We also have to lift some pretty heavy pieces of equipment, and you have to remember to always lift with your legs and keep your back straight. Never bend over to pick up a piece of equipment. You also don’t want to carry any overweight items. You want to be sure to get equipment that you could put this on, and then roll it somewhere else. And of course, because we’re dealing with electrical equipment, we have to think of fire safety in a different way. We can’t use foam, and we can’t use water, to put out an electrical fire. Instead, use something like carbon dioxide, FM-200, or other dry chemicals that you might have inside of your extinguishers. And if you have the ability to remove the power source if there’s a fire, you should also do that as soon as possible.

Another important safety consideration are the cables that we use. We use a lot of cables, for power and for networking, and these become very obvious trip hazards. Make sure you tie them together, and put them in a place where nobody can easily trip over these cables. You might also want to consider using safety goggles, especially if you’re working with any chemicals and batteries. It’s going to also be useful if you’re working on a printer repair, especially when there’s a lot of toner inside of a laser printer. You might also want to consider wearing an air filter mask. On these computers, they can be very dusty on the inside, and if you’re working inside a laser printer, there can often be a lot of toner floating around in the air.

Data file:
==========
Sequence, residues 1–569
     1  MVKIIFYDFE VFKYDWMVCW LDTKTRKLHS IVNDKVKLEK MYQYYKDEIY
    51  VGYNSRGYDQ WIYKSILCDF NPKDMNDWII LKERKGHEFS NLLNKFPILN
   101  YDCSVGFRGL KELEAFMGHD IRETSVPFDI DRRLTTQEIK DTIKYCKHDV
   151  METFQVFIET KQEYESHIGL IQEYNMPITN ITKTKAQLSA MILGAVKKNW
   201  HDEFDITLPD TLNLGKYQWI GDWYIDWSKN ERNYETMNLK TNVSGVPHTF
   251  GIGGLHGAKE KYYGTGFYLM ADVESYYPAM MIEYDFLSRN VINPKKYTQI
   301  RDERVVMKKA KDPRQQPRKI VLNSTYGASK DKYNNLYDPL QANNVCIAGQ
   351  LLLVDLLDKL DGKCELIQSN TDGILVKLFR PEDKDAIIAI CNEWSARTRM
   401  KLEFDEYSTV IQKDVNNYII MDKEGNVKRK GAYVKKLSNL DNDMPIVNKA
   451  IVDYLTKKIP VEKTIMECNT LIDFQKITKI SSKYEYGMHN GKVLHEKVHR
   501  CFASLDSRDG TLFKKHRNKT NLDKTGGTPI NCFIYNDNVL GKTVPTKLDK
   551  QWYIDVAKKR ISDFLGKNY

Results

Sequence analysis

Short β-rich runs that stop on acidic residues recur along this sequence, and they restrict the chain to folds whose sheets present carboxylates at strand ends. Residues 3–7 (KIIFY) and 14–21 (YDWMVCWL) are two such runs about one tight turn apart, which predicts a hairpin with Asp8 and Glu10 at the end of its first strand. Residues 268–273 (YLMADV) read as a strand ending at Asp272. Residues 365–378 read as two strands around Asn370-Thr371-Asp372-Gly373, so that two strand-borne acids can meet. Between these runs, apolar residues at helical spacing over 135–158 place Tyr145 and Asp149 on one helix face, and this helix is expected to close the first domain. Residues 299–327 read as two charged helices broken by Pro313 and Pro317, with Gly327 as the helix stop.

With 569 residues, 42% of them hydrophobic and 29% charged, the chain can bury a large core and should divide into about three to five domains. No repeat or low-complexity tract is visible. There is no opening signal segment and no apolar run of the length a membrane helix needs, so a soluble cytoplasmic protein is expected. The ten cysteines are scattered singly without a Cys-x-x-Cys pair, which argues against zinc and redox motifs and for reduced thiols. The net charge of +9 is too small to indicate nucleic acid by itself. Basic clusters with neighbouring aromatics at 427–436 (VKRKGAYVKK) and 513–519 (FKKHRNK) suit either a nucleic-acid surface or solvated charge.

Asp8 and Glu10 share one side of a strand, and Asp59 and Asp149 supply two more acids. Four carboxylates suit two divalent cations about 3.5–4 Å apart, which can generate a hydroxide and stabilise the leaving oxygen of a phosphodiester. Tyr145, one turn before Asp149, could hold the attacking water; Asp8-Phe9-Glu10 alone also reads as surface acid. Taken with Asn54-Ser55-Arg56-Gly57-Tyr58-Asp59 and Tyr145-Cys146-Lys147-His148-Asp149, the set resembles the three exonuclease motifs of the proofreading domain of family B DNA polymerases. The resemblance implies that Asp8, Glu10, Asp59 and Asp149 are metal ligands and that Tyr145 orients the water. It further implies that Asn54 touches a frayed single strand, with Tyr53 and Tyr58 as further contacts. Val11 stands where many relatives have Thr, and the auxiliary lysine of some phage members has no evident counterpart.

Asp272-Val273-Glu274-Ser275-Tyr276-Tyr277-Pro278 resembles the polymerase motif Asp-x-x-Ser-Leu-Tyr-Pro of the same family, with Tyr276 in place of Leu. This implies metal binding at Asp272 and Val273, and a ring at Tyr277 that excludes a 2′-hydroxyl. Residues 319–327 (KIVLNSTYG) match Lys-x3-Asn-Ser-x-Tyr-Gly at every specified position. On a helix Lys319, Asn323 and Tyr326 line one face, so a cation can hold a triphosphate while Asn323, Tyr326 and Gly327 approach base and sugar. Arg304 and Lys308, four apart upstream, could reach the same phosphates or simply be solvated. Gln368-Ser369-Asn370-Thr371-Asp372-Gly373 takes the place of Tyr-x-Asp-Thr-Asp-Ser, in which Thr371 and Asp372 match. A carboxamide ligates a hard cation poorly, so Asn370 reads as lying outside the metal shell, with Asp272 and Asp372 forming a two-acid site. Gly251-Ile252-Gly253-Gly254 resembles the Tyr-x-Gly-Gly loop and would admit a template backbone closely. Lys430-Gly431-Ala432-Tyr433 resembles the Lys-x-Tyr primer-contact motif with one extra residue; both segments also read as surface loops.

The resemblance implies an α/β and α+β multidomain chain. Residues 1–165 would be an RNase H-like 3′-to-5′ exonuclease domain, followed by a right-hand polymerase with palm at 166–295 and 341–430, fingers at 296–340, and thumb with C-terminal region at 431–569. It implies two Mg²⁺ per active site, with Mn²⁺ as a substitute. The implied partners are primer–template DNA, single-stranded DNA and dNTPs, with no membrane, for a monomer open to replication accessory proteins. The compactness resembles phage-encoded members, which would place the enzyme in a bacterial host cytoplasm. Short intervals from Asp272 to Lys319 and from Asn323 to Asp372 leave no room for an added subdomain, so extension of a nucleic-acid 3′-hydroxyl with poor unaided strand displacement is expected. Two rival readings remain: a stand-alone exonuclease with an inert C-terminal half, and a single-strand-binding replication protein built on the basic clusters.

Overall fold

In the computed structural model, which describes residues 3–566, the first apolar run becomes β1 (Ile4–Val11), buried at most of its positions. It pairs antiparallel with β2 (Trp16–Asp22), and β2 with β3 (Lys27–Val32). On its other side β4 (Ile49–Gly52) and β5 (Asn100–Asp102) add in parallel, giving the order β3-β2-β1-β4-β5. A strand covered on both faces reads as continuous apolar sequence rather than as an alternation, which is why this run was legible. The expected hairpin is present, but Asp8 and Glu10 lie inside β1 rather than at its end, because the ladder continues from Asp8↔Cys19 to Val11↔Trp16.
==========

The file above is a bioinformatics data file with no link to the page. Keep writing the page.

We also work with a lot of toxic waste. If you work a lot with uninterruptible power supplies, then you’re probably working a lot with batteries. And if you need to dispose of some of these batteries, you need to make sure you take them to your local hazardous waste facility. You might even have some of those old cathode ray tubes in the back room. Some of these old CRTs contain lead in the glass, so you also want to take those to your hazardous waste facility, as well. And it’s also a good idea to reuse our toner cartridges, rather than throwing them out into the environment.

Some manufacturers even have a return label in the toner box, so that you can send the old toner cartridge back to them. Some office supply companies will even give you a discount, if you bring in your old toner cartridge and drop it off with them. Regardless of where you are in the world, there are probably some local governmental regulations you have to keep in mind, as well. Certainly, there are health and safety laws associated with your workplace. You want to be sure to keep everything hazard-free.

There are usually building codes you have to keep in mind, especially if you’re routing network cables or you’re replacing part of your data center, and you have to keep in mind fire prevention, and all of the proper electrical codes. There’s also important environmental regulations to keep in mind, as well, so make sure that you’re disposing of all of your electrical components in the proper way.

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Category: CompTIA A+ 220-902